Gray-scale intravascular ultrasound (IVUS) has been used to identify vulnerable atherosclerotic plaques with a high risk of coronary events. Plaque characteristics such as plaque burden, multiple plaque ruptures, lipid pool-like image, and minimum luminal area (MLA) were found associated with no-reflow phenomenon after PCI.[17–20] In recent years, the spectral analysis of IVUS radiofrequency data (Virtual histology-IVUS [VH-IVUS]) has been used to provide quantitative assessment on both plaque compositions and morphologic characteristics. Several studies have demonstrated that there was an independent relationship between VH-IVUS–defined plaque classification or plaque composition and MACE,[21,22] but a significant association between plaque components and no-reflow after PCI in acute coronary syndrome (ACS).[23–28] Considering similar pathophysiological mechanisms for CAD and SVGD and morphological instability of the SVG plaques, it is critically important to investigate the relationship between plaque composition of SVG by VH-IVUS and clinical outcome in SVGD patients undergoing PCI, which could identify morphologic features that are predictive of post-PCI MACEs.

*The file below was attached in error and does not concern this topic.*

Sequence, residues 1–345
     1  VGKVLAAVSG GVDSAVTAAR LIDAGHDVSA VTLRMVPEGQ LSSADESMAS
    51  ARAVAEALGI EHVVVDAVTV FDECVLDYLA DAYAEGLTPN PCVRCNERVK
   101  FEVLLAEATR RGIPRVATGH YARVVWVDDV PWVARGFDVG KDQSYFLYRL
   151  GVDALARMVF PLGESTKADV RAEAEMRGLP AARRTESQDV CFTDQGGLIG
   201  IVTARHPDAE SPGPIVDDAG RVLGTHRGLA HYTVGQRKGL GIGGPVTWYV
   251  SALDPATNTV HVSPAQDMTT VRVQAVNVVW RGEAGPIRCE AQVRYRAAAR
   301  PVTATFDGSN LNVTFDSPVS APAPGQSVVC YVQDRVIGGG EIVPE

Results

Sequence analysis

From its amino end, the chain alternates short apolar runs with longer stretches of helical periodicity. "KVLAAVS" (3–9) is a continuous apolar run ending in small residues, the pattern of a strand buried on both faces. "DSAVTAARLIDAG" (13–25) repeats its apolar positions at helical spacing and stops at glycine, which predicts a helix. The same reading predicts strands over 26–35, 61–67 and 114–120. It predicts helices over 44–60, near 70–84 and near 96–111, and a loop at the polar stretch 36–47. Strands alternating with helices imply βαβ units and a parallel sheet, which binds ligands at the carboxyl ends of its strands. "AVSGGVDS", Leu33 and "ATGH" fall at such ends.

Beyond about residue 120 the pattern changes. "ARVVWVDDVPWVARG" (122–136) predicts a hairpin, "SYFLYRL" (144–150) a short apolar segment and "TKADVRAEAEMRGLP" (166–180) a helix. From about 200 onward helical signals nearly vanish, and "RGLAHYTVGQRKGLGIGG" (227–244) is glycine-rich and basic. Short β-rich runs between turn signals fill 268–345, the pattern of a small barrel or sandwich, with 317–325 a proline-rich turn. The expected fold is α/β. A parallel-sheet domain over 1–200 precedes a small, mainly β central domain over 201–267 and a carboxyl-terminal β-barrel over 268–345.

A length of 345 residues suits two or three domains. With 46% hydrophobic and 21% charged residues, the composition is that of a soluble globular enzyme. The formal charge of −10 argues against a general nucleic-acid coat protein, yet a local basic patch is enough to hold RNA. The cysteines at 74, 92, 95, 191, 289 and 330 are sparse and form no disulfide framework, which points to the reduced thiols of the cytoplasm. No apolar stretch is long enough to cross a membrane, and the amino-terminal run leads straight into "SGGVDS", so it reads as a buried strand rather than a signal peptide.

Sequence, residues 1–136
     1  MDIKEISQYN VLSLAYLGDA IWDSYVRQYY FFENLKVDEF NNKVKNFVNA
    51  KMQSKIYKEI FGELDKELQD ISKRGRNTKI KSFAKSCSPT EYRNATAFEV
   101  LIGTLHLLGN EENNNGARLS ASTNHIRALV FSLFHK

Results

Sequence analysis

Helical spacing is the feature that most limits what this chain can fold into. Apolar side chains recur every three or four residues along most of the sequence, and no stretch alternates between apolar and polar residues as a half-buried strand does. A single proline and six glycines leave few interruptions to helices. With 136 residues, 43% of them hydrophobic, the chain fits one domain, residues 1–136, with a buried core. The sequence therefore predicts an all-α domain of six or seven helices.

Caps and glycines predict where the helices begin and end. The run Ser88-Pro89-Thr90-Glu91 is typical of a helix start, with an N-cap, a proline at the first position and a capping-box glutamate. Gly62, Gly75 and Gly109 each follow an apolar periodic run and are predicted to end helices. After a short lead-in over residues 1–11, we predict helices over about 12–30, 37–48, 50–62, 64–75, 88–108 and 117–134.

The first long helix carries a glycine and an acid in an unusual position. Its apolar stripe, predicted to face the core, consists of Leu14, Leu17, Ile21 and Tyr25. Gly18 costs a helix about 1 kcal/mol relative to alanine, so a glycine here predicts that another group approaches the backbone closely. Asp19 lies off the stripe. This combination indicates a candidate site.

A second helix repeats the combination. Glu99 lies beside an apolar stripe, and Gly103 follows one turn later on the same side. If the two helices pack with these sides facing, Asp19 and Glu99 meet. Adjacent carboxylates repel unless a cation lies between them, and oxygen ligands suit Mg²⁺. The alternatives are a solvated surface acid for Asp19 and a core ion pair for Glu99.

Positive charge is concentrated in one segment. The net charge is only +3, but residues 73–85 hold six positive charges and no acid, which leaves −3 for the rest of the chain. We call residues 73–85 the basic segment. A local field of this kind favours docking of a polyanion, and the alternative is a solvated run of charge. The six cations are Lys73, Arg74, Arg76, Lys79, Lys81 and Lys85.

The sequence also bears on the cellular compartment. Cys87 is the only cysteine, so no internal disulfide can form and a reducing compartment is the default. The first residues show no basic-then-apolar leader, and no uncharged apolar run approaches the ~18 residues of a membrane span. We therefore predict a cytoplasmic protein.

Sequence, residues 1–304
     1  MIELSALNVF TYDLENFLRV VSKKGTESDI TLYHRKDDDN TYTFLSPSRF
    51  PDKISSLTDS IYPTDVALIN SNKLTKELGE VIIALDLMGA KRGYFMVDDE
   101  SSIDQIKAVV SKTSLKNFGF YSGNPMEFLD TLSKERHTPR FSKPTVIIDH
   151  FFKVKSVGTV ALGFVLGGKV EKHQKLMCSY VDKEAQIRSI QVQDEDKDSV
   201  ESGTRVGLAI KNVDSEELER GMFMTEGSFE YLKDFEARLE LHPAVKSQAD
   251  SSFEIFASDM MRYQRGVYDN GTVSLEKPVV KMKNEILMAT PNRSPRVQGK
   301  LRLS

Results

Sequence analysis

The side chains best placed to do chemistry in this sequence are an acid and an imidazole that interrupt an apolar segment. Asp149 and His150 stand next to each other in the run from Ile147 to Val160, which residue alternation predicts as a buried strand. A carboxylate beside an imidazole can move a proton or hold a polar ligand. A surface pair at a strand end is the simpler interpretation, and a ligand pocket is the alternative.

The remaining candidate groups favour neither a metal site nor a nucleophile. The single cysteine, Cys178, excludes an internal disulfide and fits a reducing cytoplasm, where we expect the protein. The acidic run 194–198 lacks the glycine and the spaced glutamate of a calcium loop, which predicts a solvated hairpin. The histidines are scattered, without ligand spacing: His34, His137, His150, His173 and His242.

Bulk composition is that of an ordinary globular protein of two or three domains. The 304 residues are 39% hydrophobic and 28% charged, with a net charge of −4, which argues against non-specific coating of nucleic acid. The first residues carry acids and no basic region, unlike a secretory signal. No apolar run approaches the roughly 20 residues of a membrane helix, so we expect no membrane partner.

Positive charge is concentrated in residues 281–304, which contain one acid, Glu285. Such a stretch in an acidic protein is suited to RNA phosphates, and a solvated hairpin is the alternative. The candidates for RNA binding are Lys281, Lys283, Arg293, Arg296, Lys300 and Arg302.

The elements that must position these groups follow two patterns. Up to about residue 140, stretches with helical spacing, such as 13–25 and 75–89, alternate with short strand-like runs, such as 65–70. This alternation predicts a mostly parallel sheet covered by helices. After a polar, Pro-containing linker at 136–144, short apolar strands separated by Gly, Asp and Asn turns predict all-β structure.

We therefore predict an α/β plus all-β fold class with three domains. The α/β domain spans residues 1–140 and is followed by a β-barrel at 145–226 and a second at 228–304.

Basic Principles and Advantages of VH-IVUS
IVUS requires the delivery of micro-ultrasound transducers to the lumen of coronary arteries and allows cross-sectional images of the target blood vessel to be displayed by an electronic imaging system in the ultrasound conduit. Compared with pathohistological assessments, the ability of traditional gray-scale IVUS to precisely interpret and predict the components of atherosclerotic plaques is limited. Based on the traditional gray-scale IVUS, clinically applied IVUS radiofrequency signal analysis methods mainly have three modes: VH-IVUS, iMap™ IVUS (Boston), integrated backscatter IVUS (IB-IVUS), all new post-processing technology, through the processing of power spectrum for comparative analysis, through the operation of different echo frequencies of different tissues, simulation imaging, and quantitative analysis of plaque tissue components.